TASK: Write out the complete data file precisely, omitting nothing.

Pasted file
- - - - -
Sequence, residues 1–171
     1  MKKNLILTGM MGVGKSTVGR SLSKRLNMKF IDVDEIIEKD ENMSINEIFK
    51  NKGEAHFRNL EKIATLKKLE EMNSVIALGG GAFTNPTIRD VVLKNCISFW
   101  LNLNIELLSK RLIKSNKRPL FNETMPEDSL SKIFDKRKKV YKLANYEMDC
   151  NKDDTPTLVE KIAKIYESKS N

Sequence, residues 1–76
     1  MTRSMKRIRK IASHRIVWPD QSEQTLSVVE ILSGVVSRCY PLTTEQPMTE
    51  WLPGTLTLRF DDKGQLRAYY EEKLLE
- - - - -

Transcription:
Sequence, residues 1–171
     1  MKKNLILTGM MGVGKSTVGR SLSKRLNMKF IDVDEIIEKD ENMSINEIFK
    51  NKGEAHFRNL EKIATLKKLE EMNSVIALGG GAFTNPTIRD VVLKNCISFW
   101  LNLNIELLSK RLIKSNKRPL FNETMPEDSL SKIFDKRKKV YKLANYEMDC
   151  NKDDTPTLVE KIAKIYESKS N

Sequence, residues 1–76
     1  MTRSMKRIRK IASHRIVWPD QSEQTLSVVE ILSGVVSRCY PLTTEQPMTE
    51  WLPGTLTLRF DDKGQLRAYY EEKLLE